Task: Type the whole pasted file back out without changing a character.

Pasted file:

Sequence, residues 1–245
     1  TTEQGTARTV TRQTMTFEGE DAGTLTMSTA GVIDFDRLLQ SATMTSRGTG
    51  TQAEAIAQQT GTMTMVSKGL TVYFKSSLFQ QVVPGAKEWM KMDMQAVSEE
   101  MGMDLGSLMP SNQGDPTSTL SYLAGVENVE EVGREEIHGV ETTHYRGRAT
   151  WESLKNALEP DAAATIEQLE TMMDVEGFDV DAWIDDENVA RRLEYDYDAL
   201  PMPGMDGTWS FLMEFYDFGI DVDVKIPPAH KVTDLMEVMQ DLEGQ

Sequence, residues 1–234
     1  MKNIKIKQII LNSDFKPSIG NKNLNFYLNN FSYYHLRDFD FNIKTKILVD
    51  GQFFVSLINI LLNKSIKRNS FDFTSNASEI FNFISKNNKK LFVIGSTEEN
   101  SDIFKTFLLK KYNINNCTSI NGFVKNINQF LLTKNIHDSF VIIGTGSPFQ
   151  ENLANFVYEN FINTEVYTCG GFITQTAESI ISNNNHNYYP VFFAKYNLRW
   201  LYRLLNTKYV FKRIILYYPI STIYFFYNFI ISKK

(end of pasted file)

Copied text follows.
Sequence, residues 1–245
     1  TTEQGTARTV TRQTMTFEGE DAGTLTMSTA GVIDFDRLLQ SATMTSRGTG
    51  TQAEAIAQQT GTMTMVSKGL TVYFKSSLFQ QVVPGAKEWM KMDMQAVSEE
   101  MGMDLGSLMP SNQGDPTSTL SYLAGVENVE EVGREEIHGV ETTHYRGRAT
   151  WESLKNALEP DAAATIEQLE TMMDVEGFDV DAWIDDENVA RRLEYDYDAL
   201  PMPGMDGTWS FLMEFYDFGI DVDVKIPPAH KVTDLMEVMQ DLEGQ

Sequence, residues 1–234
     1  MKNIKIKQII LNSDFKPSIG NKNLNFYLNN FSYYHLRDFD FNIKTKILVD
    51  GQFFVSLINI LLNKSIKRNS FDFTSNASEI FNFISKNNKK LFVIGSTEEN
   101  SDIFKTFLLK KYNINNCTSI NGFVKNINQF LLTKNIHDSF VIIGTGSPFQ
   151  ENLANFVYEN FINTEVYTCG GFITQTAESI ISNNNHNYYP VFFAKYNLRW
   201  LYRLLNTKYV FKRIILYYPI STIYFFYNFI ISKK